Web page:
- You want an advisor to manage the funds
- You have a poor relationship or bitter feeling about the former company
When funding an IRA, you have a choice fund with pre-tax (tax deductible) contributions or after-tax contributions. If you fund with pre-tax contributions, the contribution and the investment growth are considered tax-deferred funds, and all distributions are taxable as income. If you choose to fund an IRA with after-tax money, withdrawal of the contribution will not be taxable to you; however, any investment gains will be taxable as income. To fund an IRA with after-tax money, you must notify the IRS by filing form 8606 with your tax return. Unless you immediately convert to Roth IRA, funding an IRA with after-tax contributions can greatly complicate the IRA reporting since the after-tax contributions need to be calculated and recorded each year.
For 2023, IRA (both Traditional and Roth) contribution limits are an aggregate $6,500. This means you can contribute a maximum of $6,500 to an IRA or multiple IRAs. If you fund both a Roth and a traditional IRA, you can fund $6,500 in total, split between the accounts. For example, you could fund $3,000 to your traditional IRA and $3,500 to your Roth IRA for a total contribution of $6,500.
IRAs carry some stringent withdrawal rules. The government identifies retirement beginning at age 59 ½, so there is a 10% penalty for distributing funds prior to this age. The penalty is 10% on the entire withdrawal, plus any income taxes payable on the withdrawal. Currently, it varies by age (age 70 ½ - 74, depending on current age), but there is a penalty for waiting too long to withdraw funds from an IRA. This year, the penalty is 50% of the amount that was supposed to be withdrawn, plus making the withdraw and paying all applicable taxes on the withdraw. The penalty, beginning in 2024, will be 25%. This leaves a 14 ½ year penalty-free withdrawal period from age 59 ½ to age 74, which illustrates some of the complexity and rigor of traditional IRAs.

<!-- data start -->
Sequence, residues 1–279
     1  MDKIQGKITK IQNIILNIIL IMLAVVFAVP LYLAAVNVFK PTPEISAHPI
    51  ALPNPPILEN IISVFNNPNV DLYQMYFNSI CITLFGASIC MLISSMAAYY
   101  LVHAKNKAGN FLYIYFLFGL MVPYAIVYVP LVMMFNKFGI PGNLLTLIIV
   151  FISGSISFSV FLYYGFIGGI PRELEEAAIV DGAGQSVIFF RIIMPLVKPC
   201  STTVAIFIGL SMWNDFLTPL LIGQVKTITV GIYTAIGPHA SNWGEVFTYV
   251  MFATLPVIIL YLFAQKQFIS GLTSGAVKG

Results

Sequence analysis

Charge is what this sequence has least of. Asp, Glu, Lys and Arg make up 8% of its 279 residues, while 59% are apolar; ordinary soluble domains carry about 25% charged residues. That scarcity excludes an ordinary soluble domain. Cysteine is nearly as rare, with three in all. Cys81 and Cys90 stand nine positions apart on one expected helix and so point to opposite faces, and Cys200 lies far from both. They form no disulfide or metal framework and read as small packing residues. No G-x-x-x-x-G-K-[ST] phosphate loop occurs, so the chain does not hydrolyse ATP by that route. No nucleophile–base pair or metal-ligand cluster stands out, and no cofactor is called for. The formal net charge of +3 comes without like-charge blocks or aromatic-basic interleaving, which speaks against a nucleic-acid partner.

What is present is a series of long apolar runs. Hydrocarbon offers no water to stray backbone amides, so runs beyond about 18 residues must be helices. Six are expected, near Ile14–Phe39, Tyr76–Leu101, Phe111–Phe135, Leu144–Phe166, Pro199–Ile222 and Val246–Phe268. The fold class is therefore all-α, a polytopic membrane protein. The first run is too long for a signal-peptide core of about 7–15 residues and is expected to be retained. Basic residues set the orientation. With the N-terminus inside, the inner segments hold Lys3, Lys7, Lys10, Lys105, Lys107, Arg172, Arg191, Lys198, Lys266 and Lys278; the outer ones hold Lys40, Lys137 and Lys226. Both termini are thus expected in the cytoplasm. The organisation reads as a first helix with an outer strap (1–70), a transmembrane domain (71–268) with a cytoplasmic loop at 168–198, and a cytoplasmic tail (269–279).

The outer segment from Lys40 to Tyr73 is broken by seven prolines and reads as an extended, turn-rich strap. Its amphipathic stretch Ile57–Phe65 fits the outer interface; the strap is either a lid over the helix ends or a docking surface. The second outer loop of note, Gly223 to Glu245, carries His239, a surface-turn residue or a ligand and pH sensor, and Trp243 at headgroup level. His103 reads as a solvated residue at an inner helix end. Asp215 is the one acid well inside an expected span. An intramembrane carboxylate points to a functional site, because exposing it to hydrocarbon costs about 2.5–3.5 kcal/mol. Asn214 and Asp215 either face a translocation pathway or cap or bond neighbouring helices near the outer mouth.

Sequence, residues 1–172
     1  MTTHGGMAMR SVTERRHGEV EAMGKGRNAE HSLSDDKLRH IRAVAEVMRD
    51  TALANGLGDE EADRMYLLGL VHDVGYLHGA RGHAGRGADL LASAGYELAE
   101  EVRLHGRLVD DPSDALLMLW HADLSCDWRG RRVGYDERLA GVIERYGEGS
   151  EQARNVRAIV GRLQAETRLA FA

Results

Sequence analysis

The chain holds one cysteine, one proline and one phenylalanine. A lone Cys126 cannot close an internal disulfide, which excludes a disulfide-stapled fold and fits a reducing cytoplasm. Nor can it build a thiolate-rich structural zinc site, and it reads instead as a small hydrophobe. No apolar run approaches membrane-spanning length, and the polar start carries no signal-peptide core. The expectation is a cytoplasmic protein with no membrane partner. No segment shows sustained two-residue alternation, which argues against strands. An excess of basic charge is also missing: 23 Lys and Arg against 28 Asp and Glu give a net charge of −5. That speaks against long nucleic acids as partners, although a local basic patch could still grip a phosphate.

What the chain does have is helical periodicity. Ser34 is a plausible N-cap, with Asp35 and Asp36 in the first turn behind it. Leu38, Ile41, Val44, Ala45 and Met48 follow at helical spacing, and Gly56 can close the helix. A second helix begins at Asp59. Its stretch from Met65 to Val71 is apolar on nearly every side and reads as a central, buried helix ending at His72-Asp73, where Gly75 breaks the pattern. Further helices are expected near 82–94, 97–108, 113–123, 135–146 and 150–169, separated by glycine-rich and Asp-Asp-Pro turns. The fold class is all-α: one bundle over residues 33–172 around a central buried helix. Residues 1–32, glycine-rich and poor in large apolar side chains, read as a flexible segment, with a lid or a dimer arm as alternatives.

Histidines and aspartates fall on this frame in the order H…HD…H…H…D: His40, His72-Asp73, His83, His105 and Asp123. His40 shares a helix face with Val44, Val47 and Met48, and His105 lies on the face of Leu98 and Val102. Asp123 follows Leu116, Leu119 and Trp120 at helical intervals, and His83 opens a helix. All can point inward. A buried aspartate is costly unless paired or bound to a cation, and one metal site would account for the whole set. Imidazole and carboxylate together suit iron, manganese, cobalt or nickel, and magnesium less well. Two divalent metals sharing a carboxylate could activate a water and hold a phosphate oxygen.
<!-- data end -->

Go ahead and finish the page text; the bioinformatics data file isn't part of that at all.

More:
IRAs pass to a beneficiary (or beneficiaries), which the account holder chooses. If a spouse is the beneficiary, he or she can basically use the beneficiary IRA as his/her own IRA. If a non-spouse (this includes a trust, even if the trust solely benefits the spouse) receives the account, the beneficiary IRA rules can be complicated. In short, once the account is received by a non-spouse beneficiary, the beneficiary essentially has 10 years to spend the account balance to zero (and pay taxes on all distributions) or pay penalties plus taxes on the amounts left over.
Roth IRAs have some nice advantages over traditional IRAs, as the taxation is generally more favorable. The main difference between a Roth vs. a traditional IRA is the tax on distribution. Roth IRA contributions must be made after-tax. Like a traditional IRA, investment growth is tax deferred. Distributions, as long as a few conditions are met, are income tax-free. This tax-free distribution is what makes Roth IRAs favorable.
Roth IRAs can be funded by contributions (the same contribution limits as traditional IRAs) or via rollover proceeds. Some retirement plans have Roth options available, and these plans need a Roth IRA to receive the rollover proceeds.
While there are early withdrawal penalties in Roth IRAs, they aren’t nearly as stringent as traditional IRAs. All contributions are made on an after-tax basis, and all contributions can be withdrawn without tax or penalty if the Roth IRA has been open for at least 5 years or you are at least 59 ½, whichever comes first (Side note on the “5-year rule” for Roth IRAs: As long as any Roth IRA has been opened at least 5 years ago, you will be able access contributions income-tax and penalty free. This rule doesn’t necessarily apply to the Roth IRA to which you are making the withdrawal if you have multiple Roth IRAs.) Any growth on the investments inside the Roth IRA do carry a 10% penalty if withdrawn prior to age 59 ½. Contributions are always withdrawn first in a Roth IRA. Since there are no taxes on distributions, there are no required minimum distributions, so if you don’t need the money in retirement, you won’t be penalized for letting the deferred growth compound during retirement.
Like a traditional IRA, Roth IRAs are passed to a beneficiary (or beneficiaries) of the account holder’s choosing. If the beneficiary is a spouse, the spouse can basically act like the Roth IRA is his/her own Roth IRA. If the beneficiary is a non-spouse, the Roth IRA needs be spent or transferred in full within 10 years. There is no tax due on these distributions, but the IRS does not want tax-deferred growth and tax-free distributions to be a legacy asset.